Expert in educational gaming joins ASU faculty
If you want to inspire children to learn, start by helping them understand that what they are learning will enable them to change the world.
This philosophy drives the work of Sasha Barab, newly hired by Arizona State University as Pinnacle West Presidential Chair in Teacher Education and a Founding Senior Scientist and Scholar in ASU’s Learning Sciences Institute.
“We are excited to have Dr. Barab join Mary Lou Fulton Teachers College because as a learning scientist, he defines cutting-edge ways children can learn through technology,” said Mari Koerner, dean of the Teachers College. “Internationally known for his work in developing the education game ‘Quest Atlantis,’ he uses his knowledge of science, gaming and psychology to create a virtual world where children persist to find solutions to problems.”
According to Barab, today’s teachers need tools beyond textbooks to engage children. The “Quest Atlantis” project, for which he serves as principal investigator, creates scenarios enabling students to explore and engage in meaningful endeavors in which the actions they take affect outcomes for themselves and others. It has been used by teachers and their students around the world.
“Rather than lecturing to students about topics like erosion, water quality and pH levels, we can immerse them in a video game where they are working to determine why fish are dying, and the other non-player characters we place in the game treat them with admiration and hope,” Barab said. “Students get to ‘try on’ the role of scientist and see themselves as potentially having that future.”
“Sasha’s work is one of the best examples of a learning system that is grounded in learning sciences research, yet is able to scale up to be used by thousands of students,” said Stephen N. Elliott, director and Mickelson Professor of Education for the Learning Sciences Institute.
“‘Quest Atlantis,’ which was developed with substantial funding from the National Science Foundation and MacArthur Foundation, makes serious learning fun and deeply engaging by using academic content to solve personally meaningful and socially significant problems,” Elliott said. “Students learn valuable information that not only helps to solve the quest but that also is consistent with K-12 state academic standards.”
Video games are becoming the dominant storytelling medium of the 21st century, according to Barab. “More than trivial entertainment, play in these video games involves taking on new identities and being able to transform the game world itself,” he said.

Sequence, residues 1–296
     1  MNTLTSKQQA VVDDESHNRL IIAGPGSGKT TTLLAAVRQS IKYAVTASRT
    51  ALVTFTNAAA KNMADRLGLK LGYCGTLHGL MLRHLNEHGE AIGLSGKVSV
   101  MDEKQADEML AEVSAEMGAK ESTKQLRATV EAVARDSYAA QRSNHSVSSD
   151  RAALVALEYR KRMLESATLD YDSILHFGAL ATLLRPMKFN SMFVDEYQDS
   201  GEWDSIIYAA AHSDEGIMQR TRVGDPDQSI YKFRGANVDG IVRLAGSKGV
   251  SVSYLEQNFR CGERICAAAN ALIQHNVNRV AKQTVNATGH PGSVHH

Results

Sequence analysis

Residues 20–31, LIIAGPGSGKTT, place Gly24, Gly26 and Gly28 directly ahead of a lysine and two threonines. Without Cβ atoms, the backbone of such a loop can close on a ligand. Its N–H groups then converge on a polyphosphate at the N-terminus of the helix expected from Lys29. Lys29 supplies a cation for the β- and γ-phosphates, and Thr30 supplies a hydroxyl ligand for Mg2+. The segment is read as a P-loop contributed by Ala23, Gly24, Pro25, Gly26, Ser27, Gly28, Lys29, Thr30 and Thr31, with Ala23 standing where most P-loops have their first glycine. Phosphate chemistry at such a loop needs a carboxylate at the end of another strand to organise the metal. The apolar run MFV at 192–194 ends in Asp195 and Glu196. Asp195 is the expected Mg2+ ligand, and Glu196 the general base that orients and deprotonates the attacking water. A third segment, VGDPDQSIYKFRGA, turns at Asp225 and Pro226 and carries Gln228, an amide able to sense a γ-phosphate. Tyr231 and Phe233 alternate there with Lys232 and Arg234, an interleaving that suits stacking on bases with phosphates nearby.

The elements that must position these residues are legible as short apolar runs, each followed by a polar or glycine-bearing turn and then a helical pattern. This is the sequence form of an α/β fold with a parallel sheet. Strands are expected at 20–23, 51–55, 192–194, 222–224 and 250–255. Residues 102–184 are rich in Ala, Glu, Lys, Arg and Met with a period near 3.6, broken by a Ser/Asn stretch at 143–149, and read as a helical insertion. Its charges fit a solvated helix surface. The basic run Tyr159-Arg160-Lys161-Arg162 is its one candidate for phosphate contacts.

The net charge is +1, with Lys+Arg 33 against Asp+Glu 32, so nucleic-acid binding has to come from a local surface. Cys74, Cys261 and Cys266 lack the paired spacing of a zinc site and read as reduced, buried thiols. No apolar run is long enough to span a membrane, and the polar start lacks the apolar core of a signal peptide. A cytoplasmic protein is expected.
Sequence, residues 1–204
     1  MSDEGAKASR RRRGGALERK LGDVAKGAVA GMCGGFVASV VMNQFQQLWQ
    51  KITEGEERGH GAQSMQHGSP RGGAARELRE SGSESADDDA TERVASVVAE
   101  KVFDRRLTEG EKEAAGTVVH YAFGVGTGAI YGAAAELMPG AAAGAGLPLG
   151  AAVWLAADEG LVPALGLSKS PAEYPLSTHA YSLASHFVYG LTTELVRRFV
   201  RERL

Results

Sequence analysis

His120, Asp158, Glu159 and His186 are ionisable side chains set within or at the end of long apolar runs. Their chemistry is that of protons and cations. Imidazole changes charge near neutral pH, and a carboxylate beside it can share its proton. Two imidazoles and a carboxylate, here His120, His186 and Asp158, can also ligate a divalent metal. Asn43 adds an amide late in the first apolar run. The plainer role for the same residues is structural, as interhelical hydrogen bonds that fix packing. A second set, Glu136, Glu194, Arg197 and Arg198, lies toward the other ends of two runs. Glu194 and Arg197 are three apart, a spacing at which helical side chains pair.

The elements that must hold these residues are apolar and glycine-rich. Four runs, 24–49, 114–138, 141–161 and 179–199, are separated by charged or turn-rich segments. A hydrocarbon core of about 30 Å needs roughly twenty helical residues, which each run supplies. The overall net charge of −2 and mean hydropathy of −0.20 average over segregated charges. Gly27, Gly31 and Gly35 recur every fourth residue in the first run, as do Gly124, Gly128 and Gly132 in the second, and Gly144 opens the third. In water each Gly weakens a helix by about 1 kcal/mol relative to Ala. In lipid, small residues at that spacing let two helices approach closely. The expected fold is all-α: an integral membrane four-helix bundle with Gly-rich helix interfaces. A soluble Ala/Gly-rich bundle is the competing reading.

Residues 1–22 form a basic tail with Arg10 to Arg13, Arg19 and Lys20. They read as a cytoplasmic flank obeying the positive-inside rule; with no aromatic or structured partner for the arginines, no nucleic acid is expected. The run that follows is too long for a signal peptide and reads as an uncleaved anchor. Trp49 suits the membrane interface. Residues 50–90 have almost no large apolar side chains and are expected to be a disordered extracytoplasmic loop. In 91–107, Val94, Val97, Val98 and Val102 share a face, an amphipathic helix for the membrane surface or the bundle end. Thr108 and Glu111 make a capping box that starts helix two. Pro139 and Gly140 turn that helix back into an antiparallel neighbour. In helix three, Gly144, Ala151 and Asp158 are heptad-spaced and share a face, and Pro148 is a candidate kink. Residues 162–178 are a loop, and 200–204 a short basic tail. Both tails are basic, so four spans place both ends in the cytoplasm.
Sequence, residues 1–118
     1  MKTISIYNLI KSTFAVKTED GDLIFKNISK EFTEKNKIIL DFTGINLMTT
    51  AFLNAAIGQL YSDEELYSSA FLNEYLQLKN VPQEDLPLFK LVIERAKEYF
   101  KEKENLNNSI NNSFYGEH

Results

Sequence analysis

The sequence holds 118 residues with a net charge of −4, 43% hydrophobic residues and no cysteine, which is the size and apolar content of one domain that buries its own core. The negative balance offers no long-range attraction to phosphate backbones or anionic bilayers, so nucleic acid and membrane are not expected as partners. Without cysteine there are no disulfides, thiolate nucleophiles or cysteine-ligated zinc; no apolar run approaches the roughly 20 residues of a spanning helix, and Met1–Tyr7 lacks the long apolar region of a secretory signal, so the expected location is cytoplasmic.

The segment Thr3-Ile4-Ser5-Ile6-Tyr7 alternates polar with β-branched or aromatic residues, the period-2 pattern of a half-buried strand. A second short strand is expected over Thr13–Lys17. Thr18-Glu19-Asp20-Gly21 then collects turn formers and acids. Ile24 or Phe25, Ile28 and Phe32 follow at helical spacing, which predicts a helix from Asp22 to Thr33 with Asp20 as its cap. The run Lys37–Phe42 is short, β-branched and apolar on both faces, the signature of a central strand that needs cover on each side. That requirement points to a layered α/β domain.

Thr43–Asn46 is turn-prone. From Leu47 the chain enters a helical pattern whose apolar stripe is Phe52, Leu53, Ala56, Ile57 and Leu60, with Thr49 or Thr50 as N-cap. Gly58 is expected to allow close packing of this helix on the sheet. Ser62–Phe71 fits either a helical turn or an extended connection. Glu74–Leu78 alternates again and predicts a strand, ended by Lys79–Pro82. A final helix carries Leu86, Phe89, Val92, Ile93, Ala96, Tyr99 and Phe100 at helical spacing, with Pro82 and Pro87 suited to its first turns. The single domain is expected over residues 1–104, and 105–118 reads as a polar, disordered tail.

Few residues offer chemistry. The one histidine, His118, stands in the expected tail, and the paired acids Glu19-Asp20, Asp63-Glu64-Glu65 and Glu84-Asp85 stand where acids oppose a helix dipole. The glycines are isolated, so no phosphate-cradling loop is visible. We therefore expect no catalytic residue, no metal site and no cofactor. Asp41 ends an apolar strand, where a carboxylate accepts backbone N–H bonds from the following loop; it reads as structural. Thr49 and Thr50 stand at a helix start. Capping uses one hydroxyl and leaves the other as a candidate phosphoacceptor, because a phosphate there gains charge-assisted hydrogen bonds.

“Quest Atlantis” utilizes a multi-user environment requiring collaboration among participants, which James Paul Gee sees as critical to preparing students for success in today’s global economy. Gee, ASU’s Mary Lou Fulton Presidential Chair in literacy studies, has written books including “What Video Games Have to Teach Us About Learning and Literacy.”
“Our society must move toward schooling that stresses the ability not only to solve problems, but to do so collaboratively,” Gee said. “This creates a situation in which the group is smarter than the smartest person in the group. Games like ‘Quest Atlantis’ help students learn knowledge not just as facts but as something you produce, and in the modern world you produce it collaboratively.”
A major focus of Barab’s work is to help children develop their sense of purpose as individuals, as members of their communities, and as knowledgeable citizens of the world.
“Central to this work is a focus on understanding the value of transformational play,” Barab said. “Students who play transformationally become agents of change who use real-world knowledge, skills and concepts to make sense of a situation and then make choices that actually transform the play space and themselves. This process creates a place in which what you know is directly related to what you are able to do, and, ultimately, who you become.”
Barab comes to ASU from Indiana University, where he was the Barbara Jacobs Chair of Education and Technology and director of the Center for Research on Learning and Technology. He spent time last year in Australia through a Fulbright grant, working with aboriginal communities to develop games that made important aspects of their culture salient to the world.
“Sasha’s work already has impacted many of his fellow researchers as well as hundreds educators and thousands of their students,” Elliott said. “At ASU he will continue to accelerate and expand this work while contributing to the ongoing development of other scholars and graduate students in the Learning Sciences Institute and Teachers College.”
ASU’s Learning Sciences Institute is a universitywide initiative designed to foster interdisciplinary collaboration among ASU researchers and to provide support for investigators who conduct externally funded research on learning, the conditions and behaviors that influence it, and innovations that can maximize it. Details are available at https://lsi.asu.edu/home.
The ASU Mary Lou Fulton Teachers College offers world-class academic programs for educators and scholars preparing to enter or advance in the profession. Teachers College provides challenging education programs to prepare successful and highly qualified pre-kindergarten through 12th grade teachers as well as programs for those interested in advanced study and research activities leading to careers in school leadership, education policy, education technology, higher and post-secondary education, and many other fields. More information may be found at http://education.asu.edu/.